There’s nothing like putting your money where your mouth is and, by carrying some of the purchase price, you are letting the bank know that you have vested interest in the deal and are ensuring the continued success of your business. Besides, this business might have been your life work! Who else is more qualified than you to select a buyer that would continue your legacy?
Moreover, although the pandemic has driven interest rates to rock bottom levels, which technically means that cash is cheap and there has hardly been a better time to burrow, loans are harder to get! Banks are getting more cautious, having more stringent standards and asking more questions to borrowers.
In that light, agreeing to seller financing is like giving your buyer a vote of confidence which would make the bank more likely to approve a loan.
But with every deal structure, there are always some pitfalls.
If you decide to go with seller financing, you want to make sure you are as secure as possible in the promissory note. If the buyer has other financing, and they often will, it may not be possible to secure the note by tying the payment of the loan to assets. Here are a few things that are helpful to do:
- Conduct your due diligence on the buyer to assess their creditworthiness.
- Definitely take a look at a buyer’s credit report. Also ask for financial documentation and any other documentation necessary to convince you that the buyer can deliver on the agreed upon terms.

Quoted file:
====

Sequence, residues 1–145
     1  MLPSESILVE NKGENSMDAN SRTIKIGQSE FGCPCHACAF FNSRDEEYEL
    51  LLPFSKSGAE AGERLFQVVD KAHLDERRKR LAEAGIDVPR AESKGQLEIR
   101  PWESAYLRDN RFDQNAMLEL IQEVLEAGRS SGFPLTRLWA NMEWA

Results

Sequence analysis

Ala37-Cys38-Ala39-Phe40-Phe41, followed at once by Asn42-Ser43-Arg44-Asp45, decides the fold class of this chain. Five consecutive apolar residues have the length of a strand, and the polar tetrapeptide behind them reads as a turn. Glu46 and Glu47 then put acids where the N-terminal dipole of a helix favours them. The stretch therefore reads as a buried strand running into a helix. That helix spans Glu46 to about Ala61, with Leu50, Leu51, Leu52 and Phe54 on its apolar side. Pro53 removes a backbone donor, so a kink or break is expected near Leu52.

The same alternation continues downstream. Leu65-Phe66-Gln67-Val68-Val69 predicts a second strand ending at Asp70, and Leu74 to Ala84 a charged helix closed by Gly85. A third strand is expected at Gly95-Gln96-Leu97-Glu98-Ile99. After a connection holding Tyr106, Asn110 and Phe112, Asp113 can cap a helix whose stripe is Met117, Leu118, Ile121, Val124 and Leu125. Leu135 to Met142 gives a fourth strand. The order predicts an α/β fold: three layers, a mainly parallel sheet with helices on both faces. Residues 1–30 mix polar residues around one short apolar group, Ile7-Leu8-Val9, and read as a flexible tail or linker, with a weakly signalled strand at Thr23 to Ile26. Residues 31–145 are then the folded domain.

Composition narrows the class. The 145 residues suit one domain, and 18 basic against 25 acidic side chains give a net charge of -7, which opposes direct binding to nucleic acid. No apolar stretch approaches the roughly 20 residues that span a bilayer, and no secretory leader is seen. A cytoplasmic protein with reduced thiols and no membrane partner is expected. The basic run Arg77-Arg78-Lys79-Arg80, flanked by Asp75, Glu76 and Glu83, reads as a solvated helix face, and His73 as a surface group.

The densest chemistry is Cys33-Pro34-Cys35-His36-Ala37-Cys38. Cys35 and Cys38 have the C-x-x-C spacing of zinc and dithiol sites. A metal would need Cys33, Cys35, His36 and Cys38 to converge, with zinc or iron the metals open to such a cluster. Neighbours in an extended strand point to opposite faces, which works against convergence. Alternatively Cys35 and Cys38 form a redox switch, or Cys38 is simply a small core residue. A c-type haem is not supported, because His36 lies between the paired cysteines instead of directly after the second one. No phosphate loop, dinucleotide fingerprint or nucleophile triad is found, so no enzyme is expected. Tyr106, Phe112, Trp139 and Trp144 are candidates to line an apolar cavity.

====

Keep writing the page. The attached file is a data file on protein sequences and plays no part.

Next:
So, what's next?
I know that often sellers want no part of seller financing. But you’ve got to realize it’s not just a give, there’s a take here too.
All I am saying is don’t categorically write off seller financing or look at it as a last resort for selling your business, because it could make a ton of sense to help you receive your desired asking price by deepening the pool of potential buyers at a higher price tag.
While you might not receive a large cash payment upfront, you will ultimately make more money because of the interest paid.
If you decide including seller financing in the sale your business, never go it alone. It’s recommended that both parties enlist the professional services of an M&A intermediary.
At the Firm Advisors, we can most certainly help you. We are able to boast of an unheard of 98% satisfaction rate, 291 successful businesses sold (and counting), and deep knowledge of a wide variety of industries. Contact us to learn more.
Now I’m curious. If you are thinking about selling your business, are you open to seller financing?